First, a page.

Pittsburgh Pirates: The Tale of an Imploding Pitching Staff

Since the end of April the Pirate pitching staff has taken a massive step backward

Philadelphia Phillies v Pittsburgh Pirates
Philadelphia Phillies v Pittsburgh Pirates / Justin Berl/GettyImages
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Driven by their pitching staff, the Pittsburgh Pirates got off a red hot start in April. Since then, the pitching staff has imploded and the team has collapsed along the way.

For the Pittsburgh Pirates, the 2023 season started with great promise. A driving force behind this was a great start from the pitching staff. However, now the Pirates find themselves spiraling toward another 90+ loss season.

The biggest reason the season has gone off the rails for the Pirates? Well, that is because their pitching staff has completely imploded. With a pitching staff current in a state of disarray, the Pirates now find themselves just trying to limp to the finish line for hte 2023 season these next eight weeks.

Through the first month of the season the Pirates were the talk of the baseball world. At the end of the month of April the Pirates owned a National League 20-9 record, and a big driving force behind this was their pitching staff.

In April, the Pirate pitching staff posted a 3.55 ERA, 3.69 FIP, 0.80 HR/9, 8.8% walk rate, and a 22.6% strikeout rate. This including a starting staff that averaged 5.5 innings per start (160 innings in 29 games), while posting a 3.83 ERA. As for the bullpen, Pirate relievers posted a 3.10 ERA, 9.7% walk rate, and a 23.3% strikeout rate in April.

Since the end of April the Pirate pitching staff has completely imploded while the team has collapsed along with it.

The Pirates are 28-51 since the end of April. In 691.1 innings pitched since the end of the first month of the season, the Pirate pitching staff owns a 4.99 ERA. You read that correctly, 4.99 ERA. The past 14 weeks the Pirate pitching staff has an ERA of nearly 5.

Pirate starters have averaged just 5.1 innings per start since the end of April. Their starting staff owns a 5.23 ERA, 1.44 HR/9, 9.5% walk rate, and a 20.2% strikeout rate during this stretch. To be blunt, that's terrible.

While the Pirate bullpen has been better than the starting rotation during this stretch, their relievers have still struggled. The bullpen has pitched 281.2 innings since the end of April, posting a 4.64 ERA, 1.31 HR/9, 10.1% walk rate, and a 23.4% strikeout rate.

Once promising young starting pitcher Roansy Contreras has been an example of this implosion. At the end of April he had a 3.58 ERA and had not allowed a home run in 27.2 innings pitched across 5 starts. With this strong start to the season, Contreras owned a 3.65 ERA, 3.99 FIP, 9.7% wak rate, 21.3% strikeout rate, and a 0.93 HR/9 in his first 125.2 MLB innings.

Beginning with his first start in the month of May, Contreras completely imploded. Contreras pitched in 14 games, 6 starts, from the start of May until he was optioned to the minors in early July. He posted an 8.63 ERA, 6.74 FIP, 10.8% walk rate, 16.7% strikeout rate, and a 2.43 HR/9 during this strethc. Contreras has sent been sent to the Florida Complex League where he has yet to even appear in a game.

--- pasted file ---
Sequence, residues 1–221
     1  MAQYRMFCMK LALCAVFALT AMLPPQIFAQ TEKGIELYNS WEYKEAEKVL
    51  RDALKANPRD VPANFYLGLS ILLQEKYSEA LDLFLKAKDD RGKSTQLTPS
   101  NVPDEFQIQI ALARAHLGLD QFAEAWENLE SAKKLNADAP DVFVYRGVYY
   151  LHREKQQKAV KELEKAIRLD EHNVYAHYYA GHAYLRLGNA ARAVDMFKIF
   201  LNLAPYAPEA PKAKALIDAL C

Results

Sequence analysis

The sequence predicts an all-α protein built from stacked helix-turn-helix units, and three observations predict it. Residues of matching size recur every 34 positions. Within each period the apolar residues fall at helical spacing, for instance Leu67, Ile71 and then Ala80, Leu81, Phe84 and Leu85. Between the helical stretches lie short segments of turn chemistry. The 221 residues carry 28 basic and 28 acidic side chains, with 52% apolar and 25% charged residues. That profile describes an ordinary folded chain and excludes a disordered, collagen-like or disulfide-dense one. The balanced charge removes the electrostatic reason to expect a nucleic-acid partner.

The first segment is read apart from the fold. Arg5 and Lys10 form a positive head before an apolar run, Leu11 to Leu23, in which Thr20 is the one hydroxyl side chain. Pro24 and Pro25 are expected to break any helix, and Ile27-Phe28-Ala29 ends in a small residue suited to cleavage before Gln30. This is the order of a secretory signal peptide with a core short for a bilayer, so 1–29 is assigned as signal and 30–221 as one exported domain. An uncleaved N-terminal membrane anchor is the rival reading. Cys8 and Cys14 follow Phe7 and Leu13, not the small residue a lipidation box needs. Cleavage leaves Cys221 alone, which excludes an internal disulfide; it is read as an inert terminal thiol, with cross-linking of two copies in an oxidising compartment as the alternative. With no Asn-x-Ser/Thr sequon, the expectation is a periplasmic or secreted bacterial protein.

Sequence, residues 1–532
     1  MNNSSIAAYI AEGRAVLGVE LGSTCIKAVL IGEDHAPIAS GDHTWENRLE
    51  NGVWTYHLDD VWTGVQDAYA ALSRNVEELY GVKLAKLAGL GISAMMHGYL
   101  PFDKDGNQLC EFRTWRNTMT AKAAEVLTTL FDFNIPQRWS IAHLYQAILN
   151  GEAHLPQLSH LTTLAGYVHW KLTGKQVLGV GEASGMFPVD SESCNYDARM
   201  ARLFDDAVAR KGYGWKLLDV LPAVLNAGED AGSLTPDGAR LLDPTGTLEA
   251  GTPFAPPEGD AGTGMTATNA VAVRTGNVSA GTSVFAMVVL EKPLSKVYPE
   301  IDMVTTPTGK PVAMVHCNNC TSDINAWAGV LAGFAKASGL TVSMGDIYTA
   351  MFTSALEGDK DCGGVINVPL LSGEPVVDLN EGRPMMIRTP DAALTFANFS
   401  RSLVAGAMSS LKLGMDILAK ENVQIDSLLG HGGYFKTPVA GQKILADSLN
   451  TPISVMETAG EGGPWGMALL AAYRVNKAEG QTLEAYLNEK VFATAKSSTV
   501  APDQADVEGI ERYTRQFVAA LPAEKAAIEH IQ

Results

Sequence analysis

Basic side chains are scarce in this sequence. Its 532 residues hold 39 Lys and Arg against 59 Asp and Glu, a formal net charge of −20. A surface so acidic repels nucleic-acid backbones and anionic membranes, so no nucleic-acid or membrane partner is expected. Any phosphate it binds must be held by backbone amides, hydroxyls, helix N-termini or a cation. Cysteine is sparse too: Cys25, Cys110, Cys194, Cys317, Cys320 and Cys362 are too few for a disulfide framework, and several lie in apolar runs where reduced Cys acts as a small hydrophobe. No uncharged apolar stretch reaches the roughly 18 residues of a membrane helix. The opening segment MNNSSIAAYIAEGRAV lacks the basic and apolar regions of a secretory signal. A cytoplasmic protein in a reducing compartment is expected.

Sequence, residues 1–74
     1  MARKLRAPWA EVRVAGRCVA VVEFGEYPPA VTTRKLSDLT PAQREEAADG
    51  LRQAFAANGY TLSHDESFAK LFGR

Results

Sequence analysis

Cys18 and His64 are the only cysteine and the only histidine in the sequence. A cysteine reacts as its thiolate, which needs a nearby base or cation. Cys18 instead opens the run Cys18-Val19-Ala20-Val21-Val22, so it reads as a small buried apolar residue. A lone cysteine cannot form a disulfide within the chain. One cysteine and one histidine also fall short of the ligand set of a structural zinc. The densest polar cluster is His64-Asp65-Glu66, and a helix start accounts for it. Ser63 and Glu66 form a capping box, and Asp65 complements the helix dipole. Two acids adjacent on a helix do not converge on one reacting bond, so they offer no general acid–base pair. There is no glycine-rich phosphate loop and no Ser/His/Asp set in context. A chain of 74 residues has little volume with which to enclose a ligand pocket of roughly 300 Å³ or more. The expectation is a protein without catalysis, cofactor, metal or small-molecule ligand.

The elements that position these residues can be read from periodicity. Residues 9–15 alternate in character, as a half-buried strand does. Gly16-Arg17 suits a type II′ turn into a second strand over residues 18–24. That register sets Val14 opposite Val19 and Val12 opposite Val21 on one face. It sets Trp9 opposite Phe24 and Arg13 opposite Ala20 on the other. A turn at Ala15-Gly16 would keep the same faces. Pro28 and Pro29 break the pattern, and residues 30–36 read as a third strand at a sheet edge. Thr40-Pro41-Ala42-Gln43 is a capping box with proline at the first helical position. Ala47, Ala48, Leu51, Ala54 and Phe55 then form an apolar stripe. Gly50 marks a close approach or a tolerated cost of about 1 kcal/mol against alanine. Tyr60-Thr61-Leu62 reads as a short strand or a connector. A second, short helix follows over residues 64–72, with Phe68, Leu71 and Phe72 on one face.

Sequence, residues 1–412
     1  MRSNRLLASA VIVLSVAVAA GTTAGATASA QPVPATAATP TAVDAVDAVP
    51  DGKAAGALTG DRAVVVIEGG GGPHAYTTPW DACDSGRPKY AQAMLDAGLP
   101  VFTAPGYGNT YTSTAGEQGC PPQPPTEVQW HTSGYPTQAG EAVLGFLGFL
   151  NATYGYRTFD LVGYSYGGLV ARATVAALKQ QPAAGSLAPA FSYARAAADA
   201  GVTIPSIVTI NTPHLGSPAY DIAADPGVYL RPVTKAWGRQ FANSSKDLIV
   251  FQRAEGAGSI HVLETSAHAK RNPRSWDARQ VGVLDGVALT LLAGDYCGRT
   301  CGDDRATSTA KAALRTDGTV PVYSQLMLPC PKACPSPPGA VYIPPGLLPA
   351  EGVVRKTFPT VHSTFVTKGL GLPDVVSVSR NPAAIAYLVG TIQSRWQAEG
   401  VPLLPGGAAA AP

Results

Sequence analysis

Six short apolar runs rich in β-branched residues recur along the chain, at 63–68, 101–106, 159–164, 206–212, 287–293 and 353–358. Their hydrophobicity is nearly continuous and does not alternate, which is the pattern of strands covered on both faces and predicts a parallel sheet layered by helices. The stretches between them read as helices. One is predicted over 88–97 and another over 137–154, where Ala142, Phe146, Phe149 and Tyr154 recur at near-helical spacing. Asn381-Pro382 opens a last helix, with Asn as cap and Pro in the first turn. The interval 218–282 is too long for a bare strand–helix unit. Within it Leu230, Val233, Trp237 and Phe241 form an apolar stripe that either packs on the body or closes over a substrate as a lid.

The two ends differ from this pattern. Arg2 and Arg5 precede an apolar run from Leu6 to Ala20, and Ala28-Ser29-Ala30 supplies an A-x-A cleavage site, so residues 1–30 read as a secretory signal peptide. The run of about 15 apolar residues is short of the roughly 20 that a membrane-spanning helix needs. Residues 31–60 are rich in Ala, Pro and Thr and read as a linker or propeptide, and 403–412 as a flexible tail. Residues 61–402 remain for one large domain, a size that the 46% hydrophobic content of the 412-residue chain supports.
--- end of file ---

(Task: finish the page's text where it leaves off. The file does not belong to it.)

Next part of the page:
Mitch Keller has also been trending in the wrong direction. In his last 13 starts, dating back to May 26th, Keller owns a 5.92 ERA. In these 13 starts he's allowed 50 earned runs in 76 innings pitched. Keller has allowed has allowed 4 earned runs in 8 of these 13 starts, including allowing 8 earned runs twice.

Former first-round pick Quinn Priester has joined the starting rotation but looks completely overmatched and as if he does not belong in the majors. Osvaldo Bido has an ERA north of 5, showing why he's been a career minor leaguer. Luis Ortiz, who flashed last September, struggled mightily in the majors, his stuff look substantially worse than it did last year, and he's been sent back to Triple-A where he has also struggled.

Mostly every Pirate reliever has regressed since April as well. David Bednar continues to pitch like a dominant back end of the bullpen arm. Carmen Mlodzinski and Ryan Borucki have pitched well since joining the Major League bullpen. The rest of the relievers have all regressed since April.

The most discouraging part is that Johan Oviedo is the only Pirate pitcher that has truly shown any major growth during this stretch. Oviedo allowed 6 earned runs in 5 innings pitched in his first start during the month of May. Since then, Oviedo has posted a 3.92 ERA, 4.45 FIP, 1.03 HR/9, 9.8% walk rate, and a 21.1% strikeout rate while averaging 5.8 innings per start (87.1 innings in 15 starts).

If the Pirates are going to have any hope of contending in 2024, and those hopes appears to be about as low as possible, they will need to find a lot of pitching help between now and Opening Day. Either that or a large chunk of their in-house options will need to make huge strides in their development and take big steps forward. Right now, there is no reason to have confidence in that happening.

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